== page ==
- slide 1 of 3
What is Deer Antler and How is it Important?
Deer antler can be seen as being a part of Chinese medicine since around 100 A.D. but the frequency of the use didn’t become a predominant ingredient until the Ming Dynasty era. It was at this time that deer farms were actually used for cultivation. The velvet and the antler itself are both used for various reasons.
The antler of a deer is a bone like component. It is rich in specific gelatins from the proteins that make up the antler. The same can be said about the tortoise shell. The two of these ingredients are often combined to make a firm gelatin. Boiling the deer antler releases the medicinal properties and proteins so it is primarily boiled and used in tonics. The velvety antler is sold in several forms but usually they are boiled first and then sliced or pulverized into a powder.
- slide 2 of 3
How is Deer Antler Used in Chinese Medicine?
Let’s take a moment to understand the aspects of the deer antler and how the components can directly help the body:
1. The medicinal properties of the gelatin made from the deer antler nourish the spleen and kidney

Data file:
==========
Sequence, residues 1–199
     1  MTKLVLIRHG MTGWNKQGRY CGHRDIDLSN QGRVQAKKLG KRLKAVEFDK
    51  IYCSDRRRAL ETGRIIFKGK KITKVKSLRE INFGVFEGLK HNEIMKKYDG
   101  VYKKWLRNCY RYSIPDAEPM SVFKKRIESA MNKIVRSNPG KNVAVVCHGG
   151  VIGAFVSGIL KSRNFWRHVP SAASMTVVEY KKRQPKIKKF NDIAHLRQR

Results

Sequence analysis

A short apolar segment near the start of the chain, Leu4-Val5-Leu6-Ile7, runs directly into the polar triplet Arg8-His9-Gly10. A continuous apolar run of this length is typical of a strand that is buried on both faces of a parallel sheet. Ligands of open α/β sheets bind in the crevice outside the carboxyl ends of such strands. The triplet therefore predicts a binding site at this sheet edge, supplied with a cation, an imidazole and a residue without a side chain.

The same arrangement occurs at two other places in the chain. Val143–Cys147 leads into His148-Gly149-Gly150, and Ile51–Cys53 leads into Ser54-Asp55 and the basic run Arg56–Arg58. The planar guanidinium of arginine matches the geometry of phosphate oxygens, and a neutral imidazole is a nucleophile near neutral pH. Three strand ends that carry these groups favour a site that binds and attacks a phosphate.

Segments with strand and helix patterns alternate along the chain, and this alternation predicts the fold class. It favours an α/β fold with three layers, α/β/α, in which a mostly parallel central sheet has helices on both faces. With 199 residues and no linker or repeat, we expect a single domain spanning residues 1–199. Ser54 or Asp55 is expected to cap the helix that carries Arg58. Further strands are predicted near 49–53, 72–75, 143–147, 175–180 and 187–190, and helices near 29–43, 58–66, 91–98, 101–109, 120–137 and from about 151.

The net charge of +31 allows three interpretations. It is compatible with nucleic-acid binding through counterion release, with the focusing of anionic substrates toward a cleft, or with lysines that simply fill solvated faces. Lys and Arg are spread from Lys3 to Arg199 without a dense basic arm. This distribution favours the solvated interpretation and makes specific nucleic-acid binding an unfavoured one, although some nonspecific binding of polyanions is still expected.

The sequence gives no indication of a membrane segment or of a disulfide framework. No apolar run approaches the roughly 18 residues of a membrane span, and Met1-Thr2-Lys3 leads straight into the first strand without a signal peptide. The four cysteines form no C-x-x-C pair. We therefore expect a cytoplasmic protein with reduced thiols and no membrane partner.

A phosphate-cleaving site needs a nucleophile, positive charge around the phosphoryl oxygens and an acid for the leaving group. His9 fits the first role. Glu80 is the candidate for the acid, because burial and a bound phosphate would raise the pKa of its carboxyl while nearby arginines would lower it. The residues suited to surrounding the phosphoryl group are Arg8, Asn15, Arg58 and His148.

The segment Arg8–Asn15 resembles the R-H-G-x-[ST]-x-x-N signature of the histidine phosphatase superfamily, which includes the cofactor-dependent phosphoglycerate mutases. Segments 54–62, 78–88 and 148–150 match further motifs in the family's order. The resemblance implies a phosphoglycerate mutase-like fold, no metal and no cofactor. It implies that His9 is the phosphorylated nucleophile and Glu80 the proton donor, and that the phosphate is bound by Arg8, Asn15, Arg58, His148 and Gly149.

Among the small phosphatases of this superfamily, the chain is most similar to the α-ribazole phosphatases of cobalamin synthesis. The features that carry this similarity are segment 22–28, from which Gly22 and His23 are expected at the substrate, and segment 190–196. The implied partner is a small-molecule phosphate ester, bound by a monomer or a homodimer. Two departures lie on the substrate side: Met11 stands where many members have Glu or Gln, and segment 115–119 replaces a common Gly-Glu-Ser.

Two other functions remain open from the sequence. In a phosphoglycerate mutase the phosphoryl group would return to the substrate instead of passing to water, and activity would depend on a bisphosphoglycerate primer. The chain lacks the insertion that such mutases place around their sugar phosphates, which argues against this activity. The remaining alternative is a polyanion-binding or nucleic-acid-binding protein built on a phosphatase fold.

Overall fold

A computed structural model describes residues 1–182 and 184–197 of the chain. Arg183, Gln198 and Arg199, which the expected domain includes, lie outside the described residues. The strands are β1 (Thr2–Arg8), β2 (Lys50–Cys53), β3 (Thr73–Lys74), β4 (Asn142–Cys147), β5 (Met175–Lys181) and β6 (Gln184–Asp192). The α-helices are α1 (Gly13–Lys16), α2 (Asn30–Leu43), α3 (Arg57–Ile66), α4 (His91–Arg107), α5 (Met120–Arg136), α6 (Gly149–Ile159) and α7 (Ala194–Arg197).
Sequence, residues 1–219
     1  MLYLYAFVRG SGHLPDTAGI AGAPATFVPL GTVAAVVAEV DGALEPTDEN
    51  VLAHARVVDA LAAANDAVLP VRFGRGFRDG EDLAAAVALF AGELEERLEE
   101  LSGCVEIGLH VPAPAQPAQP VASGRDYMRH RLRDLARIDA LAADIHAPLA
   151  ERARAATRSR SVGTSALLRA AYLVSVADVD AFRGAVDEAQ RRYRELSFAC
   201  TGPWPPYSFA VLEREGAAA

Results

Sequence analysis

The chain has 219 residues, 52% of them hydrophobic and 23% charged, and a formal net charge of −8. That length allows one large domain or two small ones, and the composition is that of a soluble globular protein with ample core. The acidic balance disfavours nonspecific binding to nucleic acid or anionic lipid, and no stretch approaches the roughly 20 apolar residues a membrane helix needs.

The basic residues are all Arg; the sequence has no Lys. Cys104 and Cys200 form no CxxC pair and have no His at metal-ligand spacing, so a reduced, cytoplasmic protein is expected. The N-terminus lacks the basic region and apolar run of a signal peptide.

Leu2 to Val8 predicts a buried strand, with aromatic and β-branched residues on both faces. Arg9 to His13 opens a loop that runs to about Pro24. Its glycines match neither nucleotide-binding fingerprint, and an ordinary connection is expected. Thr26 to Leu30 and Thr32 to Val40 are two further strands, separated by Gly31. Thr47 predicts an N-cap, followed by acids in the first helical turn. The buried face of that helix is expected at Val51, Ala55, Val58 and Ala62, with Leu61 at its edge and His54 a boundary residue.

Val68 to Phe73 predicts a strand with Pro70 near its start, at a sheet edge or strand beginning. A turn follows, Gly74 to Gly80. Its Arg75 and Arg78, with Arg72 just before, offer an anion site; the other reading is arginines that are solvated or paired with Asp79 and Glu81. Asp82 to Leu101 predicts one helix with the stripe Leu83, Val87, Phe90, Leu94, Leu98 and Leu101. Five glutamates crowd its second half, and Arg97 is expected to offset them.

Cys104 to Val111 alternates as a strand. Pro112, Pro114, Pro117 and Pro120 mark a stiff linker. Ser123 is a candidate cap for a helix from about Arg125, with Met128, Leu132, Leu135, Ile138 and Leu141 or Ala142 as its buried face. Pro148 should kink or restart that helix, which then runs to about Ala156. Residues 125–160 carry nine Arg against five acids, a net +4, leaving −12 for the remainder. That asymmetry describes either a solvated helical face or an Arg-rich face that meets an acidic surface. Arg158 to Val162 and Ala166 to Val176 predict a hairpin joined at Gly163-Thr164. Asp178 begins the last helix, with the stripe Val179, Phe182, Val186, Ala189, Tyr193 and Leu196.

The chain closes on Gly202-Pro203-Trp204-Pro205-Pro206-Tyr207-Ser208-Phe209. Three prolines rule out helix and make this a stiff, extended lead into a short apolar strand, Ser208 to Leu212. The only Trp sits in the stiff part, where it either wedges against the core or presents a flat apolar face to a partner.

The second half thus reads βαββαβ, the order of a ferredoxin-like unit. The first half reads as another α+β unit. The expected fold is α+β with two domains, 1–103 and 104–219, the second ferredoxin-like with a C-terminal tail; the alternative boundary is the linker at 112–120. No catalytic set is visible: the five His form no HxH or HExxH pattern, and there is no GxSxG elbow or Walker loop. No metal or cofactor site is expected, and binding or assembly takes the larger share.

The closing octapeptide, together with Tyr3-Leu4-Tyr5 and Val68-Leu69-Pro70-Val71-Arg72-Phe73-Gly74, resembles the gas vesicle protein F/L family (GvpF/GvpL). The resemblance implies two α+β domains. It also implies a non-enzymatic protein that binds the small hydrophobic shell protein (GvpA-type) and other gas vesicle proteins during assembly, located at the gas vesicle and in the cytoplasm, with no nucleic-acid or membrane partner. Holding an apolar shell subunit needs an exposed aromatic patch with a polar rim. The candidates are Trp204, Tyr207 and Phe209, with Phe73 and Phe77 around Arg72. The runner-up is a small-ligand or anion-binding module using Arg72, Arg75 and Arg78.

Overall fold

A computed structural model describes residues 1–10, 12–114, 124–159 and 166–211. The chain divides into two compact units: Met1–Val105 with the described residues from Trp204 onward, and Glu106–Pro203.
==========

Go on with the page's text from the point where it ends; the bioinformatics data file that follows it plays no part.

2. The glucosamine and chondroitin aspects in the deer antler help in reducing pain and inflammation in the joints.
3. The large amounts of calcium found within the deer antler can not only prevent conditions such as osteoporosis but it can strengthen the bones significantly if symptoms are already noticeable.
4. The collagens also help with joint health as well as repairing the connective tissues.
5. Arthritis and tendonitis are both relieved due to the anti-inflammatory properties.
6. Bone marrow in the human body has also been known to be significantly nourished by deer antler. This helps to eliminate the threat of marrow diseases or problems. Monoacetyldiglycerides are molecules found in deer antler that in proven studies have shown to stimulate stem cell production within our bone marrow.
Now, let’s take a look at the various conditions that deer antler in Chinese medicine has often been used in centuries past and currently in modern uses.
1. Cytotoxic to cells that carry leukemia.
2. Amplifies erythropoietin in plasma, erythrocyte counts and hemoglobin in the blood.
3. Stimulates optimal heart, liver, kidney and blood vessel function.
4. Improves mental capacity
5. Increases physical strength/stamina.
6. Repairs a damaged liver
7. Increases fertility
8. Positive benefits in metabolism function.
- slide 3 of 3
Please read this disclaimer regarding the information you have just read.